My Mother Clipped My Wings But I Forged My Own Path

“I’ve gained the courage to live coherently, to behave as I feel, and I’ve never been happier.” – Alicia*


How did your relationship with your mother affect you emotionally and mentally?

I was never one to party, drink, or stay out late. But during the first few months of my job after graduation, I started hanging out more with my friends. Each time, at about 11pm, I would receive an angry text from my mother, telling me that it was late and asking when I was going to leave. My heart would start racing, and I would start to feel my cheeks heat up. At 24 years old, I still had a curfew. It was maddening. I wanted the autonomy to decide when I wanted to leave, on my own terms. I didn’t know why my body reacted this way. All I knew was that I wanted it to stop.

What made you take the leap to start going for counselling?

I had been considering going for counselling for more than a year, especially towards the end of the circuit breaker period. Right before Covid broke out, I was in Europe for my exchange programme. Six weeks in, we were called back, and lockdown began one day after my quarantine ended. I didn’t cope well with the abrupt change in lifestyle, from one of almost complete autonomy to one where I was never alone. But it was only until my wings were still being clipped at a stage where I thought I’d be considered an “adult”, did I take the first step.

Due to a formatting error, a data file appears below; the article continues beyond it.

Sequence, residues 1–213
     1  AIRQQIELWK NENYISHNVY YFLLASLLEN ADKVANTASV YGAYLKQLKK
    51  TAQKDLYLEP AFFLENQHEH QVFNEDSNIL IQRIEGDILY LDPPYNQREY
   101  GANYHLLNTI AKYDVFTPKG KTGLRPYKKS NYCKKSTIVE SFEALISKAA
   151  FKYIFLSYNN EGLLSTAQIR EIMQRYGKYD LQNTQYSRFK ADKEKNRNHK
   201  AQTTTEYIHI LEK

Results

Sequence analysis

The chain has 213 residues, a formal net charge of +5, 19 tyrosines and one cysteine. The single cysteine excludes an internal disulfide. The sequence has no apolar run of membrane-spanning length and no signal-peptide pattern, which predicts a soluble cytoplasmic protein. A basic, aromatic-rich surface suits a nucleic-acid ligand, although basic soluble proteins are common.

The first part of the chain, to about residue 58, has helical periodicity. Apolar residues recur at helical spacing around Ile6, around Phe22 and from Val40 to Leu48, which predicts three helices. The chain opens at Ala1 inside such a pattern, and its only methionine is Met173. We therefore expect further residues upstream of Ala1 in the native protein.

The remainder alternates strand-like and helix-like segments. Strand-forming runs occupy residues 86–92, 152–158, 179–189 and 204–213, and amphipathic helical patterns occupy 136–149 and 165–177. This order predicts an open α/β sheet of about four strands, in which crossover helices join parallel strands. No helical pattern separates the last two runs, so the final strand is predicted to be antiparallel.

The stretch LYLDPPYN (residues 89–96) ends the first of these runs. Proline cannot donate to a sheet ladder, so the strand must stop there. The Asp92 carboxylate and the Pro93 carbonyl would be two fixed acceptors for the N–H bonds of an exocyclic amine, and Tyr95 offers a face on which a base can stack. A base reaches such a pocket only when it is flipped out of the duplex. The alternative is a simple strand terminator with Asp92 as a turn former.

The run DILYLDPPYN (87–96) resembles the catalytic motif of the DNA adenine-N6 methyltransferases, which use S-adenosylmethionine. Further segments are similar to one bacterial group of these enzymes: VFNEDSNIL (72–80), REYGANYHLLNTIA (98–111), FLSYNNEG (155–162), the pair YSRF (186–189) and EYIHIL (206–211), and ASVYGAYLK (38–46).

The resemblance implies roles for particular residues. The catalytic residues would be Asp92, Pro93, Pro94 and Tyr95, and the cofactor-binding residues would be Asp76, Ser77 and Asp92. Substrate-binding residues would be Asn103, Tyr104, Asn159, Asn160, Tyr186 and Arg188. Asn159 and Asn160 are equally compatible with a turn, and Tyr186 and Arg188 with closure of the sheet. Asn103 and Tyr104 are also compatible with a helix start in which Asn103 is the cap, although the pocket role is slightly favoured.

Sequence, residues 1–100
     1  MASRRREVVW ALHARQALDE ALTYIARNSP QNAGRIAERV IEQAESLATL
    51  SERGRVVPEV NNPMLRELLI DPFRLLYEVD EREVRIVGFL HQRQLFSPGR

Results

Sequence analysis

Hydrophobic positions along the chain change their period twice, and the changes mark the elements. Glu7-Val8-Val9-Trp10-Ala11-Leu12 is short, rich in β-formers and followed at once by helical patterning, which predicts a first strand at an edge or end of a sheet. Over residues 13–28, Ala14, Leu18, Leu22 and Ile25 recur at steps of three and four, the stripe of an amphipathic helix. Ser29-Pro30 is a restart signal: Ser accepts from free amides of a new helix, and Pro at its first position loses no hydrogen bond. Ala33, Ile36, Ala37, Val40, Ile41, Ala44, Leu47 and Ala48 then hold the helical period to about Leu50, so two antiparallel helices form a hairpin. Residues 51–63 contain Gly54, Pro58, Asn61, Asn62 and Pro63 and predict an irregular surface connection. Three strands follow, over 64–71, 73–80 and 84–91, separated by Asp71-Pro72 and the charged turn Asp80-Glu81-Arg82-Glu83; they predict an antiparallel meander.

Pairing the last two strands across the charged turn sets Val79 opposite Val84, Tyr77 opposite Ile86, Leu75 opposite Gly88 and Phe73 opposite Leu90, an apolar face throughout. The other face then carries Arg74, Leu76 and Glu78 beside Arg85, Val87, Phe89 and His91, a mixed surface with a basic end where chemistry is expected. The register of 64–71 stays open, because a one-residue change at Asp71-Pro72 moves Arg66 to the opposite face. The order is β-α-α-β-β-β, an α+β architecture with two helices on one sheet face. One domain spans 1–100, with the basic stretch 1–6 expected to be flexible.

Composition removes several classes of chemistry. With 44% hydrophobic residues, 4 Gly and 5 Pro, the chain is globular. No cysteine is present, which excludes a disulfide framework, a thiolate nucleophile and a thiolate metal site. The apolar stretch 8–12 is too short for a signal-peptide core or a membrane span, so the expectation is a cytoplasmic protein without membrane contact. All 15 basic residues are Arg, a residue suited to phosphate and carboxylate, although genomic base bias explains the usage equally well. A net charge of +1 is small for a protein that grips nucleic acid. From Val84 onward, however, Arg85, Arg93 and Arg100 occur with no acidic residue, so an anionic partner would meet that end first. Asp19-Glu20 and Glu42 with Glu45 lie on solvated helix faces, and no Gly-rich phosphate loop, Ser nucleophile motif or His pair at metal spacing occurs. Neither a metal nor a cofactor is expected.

Did counselling help you?
To say that counselling changed my life would be an understatement. I remember breaking down for the entire hour that first session. I never realised how much resentment and hurt I’d bottled up over the years, and how much I yearned to be heard.

How has going for counselling helped you?

The most helpful part of the counselling sessions with my counsellor was understanding why I behave in certain ways. She often offers a more scientific perspective, and it helps me to view my situation with a degree of objectivity. Analysing human behaviour in this manner has helped me to be less hard on myself and the people around me.

She has helped me to recognise that a lot of my reactions have been hardwired into my brain since I was a toddler. My knee-jerk reactions to my mother’s anger were to ensure my own survival, but the dangers that threatened my safety as a helpless human baby don’t exist anymore. This understanding has also improved my self-awareness, and I’m better able to identify my emotional state in various situations. This has been extremely helpful for me so far: being able to identify when I’m triggered and consequently being able to delay my response.

More importantly, counselling has equipped me with the necessary skills to not only understand my behaviours, but to also respond appropriately. With my counsellor’s constant encouragement throughout this journey, I’ve gained the courage to live coherently, to behave as I feel, and I’ve never been happier.

How are you now?
Although I went into counselling with the aim of improving my relationship with myself and with my mother, I grew in more ways than expected. The skills I learnt and the emotional maturity I gained have helped me in all other areas of my life, personally and professionally. I know this sounds like an exaggeration, but going for counselling is truly the best decision I’ve made in my life.


*Not her actual name

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